The people behind the caption
Last week, I wrote about PLF’s victory in the regulatory takings case, Dunlap v. City of Nooksack. Well, I want to take a moment to recognize the property owners in this case, Kipp and Marilyn Dunlap. The Dunlaps are cattle farmers who own land in the City of Nooksack, a small town just south of the Canadian border. Over the past decade, the city imposed increasingly strict land use restrictions on the Dunlaps, refusing to let them build a house larger than 480 square feet on their residential parcel and closing off an access road to their farm. The impact has been devastating for farming – their livelihood. They can’t even spread manure to grow their own feed anymore!
But the Dunlaps did not roll over. They have been fighting against the city’s unreasonable land use restrictions for close to a decade, knowing that they were right despite disappointment after disappointment. Kipp ran for office on a few occasions, receiving 44 percent of the vote in a council run. The Dunlaps also fought the government regulation in multiple appeals and lawsuits. It takes people of extraordinary fortitude and courage to take the fight to the government and its seemingly limitless resources.
After the Court of Appeals issued its decision, the Dunlaps wrote me a note reminding me that what we do here at PLF is so important to real people:
"When the government makes the decision to do something and you speak against it they tend to steam roll right over you. It takes a long hard effort to try to stand up for your rights when you’re dealing with the government. Nobody wants to help or get involved. In fact, everyone tends to abandon ship. I can't begin to tell you how good it feels when a organization decides to step in and help you, especially when you’re left all alone. We really appreciate how the Pacific Legal Foundation stepped in helped us in our case with the City of Nooksack. Thank-you PLF"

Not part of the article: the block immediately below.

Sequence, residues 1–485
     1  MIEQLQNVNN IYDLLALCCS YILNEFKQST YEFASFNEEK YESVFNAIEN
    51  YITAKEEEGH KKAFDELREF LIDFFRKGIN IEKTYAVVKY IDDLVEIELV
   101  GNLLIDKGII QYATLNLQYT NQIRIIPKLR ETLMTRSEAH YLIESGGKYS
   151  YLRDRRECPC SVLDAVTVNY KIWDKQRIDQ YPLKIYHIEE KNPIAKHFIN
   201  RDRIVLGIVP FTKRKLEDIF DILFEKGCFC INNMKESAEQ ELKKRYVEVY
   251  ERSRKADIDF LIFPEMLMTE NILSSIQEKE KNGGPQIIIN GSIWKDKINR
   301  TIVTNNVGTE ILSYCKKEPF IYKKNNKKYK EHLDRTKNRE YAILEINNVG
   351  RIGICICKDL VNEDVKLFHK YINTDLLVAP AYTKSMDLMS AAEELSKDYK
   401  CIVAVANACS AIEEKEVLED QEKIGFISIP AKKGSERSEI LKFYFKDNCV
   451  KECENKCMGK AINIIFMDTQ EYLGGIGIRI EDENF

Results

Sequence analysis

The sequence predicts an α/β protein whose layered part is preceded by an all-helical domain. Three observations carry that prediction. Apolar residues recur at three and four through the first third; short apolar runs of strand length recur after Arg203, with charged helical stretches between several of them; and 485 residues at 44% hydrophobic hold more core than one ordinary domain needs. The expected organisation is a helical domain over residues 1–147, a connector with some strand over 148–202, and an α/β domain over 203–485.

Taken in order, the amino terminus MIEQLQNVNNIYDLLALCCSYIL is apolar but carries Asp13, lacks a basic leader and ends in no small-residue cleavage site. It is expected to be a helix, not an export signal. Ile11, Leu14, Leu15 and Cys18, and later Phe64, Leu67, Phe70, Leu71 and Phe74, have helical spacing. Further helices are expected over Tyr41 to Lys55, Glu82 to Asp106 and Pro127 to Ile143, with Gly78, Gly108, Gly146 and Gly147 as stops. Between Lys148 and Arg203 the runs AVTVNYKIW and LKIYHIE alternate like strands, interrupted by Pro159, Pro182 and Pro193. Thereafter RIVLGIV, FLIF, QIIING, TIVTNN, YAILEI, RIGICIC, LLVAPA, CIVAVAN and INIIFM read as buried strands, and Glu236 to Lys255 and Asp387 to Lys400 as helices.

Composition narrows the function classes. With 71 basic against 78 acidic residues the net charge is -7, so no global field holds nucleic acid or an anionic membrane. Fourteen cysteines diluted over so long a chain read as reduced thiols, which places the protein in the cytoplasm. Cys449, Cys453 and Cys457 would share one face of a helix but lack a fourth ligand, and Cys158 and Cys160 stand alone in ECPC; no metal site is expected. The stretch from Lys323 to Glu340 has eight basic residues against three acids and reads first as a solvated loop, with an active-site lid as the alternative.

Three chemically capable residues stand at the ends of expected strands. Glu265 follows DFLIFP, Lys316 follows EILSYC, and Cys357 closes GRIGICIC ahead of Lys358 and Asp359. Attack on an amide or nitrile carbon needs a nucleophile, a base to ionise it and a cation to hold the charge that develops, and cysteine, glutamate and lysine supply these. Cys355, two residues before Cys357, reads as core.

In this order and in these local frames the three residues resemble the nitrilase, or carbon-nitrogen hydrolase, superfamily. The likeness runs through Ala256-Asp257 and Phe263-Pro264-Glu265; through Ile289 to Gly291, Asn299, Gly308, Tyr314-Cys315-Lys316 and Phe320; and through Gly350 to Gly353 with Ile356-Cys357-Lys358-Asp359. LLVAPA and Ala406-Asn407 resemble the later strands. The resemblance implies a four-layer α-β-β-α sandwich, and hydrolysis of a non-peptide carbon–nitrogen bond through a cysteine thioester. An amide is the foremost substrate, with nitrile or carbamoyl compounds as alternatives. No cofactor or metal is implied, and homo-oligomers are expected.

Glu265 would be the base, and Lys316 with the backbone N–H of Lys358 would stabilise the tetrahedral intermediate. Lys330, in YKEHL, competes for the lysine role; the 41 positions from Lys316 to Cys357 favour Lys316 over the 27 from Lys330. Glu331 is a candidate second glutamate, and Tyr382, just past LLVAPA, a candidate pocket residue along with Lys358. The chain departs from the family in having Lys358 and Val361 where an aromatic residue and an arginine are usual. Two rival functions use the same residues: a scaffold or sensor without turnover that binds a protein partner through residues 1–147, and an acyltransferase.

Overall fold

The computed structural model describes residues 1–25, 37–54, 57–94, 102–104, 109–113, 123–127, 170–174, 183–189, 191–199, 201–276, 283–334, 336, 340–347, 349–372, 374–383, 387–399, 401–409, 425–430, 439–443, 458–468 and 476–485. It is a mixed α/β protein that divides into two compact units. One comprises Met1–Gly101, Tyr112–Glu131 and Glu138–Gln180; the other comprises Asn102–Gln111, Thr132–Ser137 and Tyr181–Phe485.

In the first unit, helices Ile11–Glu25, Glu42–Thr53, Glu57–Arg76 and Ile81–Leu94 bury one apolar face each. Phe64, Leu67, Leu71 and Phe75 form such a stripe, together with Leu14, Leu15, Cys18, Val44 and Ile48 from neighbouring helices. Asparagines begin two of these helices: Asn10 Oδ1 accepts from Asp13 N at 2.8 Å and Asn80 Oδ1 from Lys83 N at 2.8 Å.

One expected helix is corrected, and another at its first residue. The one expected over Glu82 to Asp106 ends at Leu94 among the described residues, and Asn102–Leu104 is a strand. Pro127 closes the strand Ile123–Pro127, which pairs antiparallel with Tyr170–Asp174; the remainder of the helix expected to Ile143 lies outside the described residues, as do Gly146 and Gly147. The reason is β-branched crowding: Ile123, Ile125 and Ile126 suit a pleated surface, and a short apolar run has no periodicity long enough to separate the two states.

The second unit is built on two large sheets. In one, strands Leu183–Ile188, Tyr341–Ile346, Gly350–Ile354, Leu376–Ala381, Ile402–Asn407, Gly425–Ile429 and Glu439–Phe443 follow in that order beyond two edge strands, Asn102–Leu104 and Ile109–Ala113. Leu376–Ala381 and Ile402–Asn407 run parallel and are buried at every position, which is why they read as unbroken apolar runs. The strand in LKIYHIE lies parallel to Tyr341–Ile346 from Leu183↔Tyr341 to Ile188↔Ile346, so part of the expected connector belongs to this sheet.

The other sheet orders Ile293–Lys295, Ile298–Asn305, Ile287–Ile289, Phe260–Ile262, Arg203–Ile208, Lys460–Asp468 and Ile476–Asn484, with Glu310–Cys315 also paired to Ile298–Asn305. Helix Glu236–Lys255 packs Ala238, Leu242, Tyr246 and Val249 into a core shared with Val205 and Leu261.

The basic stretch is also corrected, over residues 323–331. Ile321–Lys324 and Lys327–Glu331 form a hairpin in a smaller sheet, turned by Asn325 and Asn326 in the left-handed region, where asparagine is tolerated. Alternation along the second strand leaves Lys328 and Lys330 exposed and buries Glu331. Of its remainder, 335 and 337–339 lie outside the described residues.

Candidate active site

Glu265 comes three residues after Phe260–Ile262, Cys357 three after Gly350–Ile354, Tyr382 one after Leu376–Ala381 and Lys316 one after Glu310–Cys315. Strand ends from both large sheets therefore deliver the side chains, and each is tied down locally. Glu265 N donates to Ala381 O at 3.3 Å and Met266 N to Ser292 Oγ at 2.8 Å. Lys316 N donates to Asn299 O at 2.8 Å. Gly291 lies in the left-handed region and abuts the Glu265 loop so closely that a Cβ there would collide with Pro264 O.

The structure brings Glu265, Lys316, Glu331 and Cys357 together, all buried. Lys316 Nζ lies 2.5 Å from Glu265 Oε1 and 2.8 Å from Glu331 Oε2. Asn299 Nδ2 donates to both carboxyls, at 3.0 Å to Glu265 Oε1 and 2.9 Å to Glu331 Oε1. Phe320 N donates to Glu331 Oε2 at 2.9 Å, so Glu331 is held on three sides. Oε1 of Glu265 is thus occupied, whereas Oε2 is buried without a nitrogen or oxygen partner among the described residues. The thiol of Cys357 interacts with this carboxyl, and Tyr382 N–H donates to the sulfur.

It is my hope that the Dunlap v. Nooksack decision sends a message to all government – beyond the little hamlet to the north. I am happy to see this very important decision is not going unnoticed. Whatcom County’s KGMI ran a story on the Dunlaps last week. The Bellingham Herald followed up with an article on the Dunlaps’ struggle to preserve their land. And Robert Thomas at Inverse Condemnation posted a very insightful blog on the case.
What to read next
PLF asks the U.S. Supreme Court to rule that there is no “legislative exception” to the unconstitutional conditions doctrine
It seems that some governments and courts prefer to treat Supreme Court precedent as an option, rather than a requirement. The Supreme Court has ruled—twice—that it’s unconstitutional for government to … ›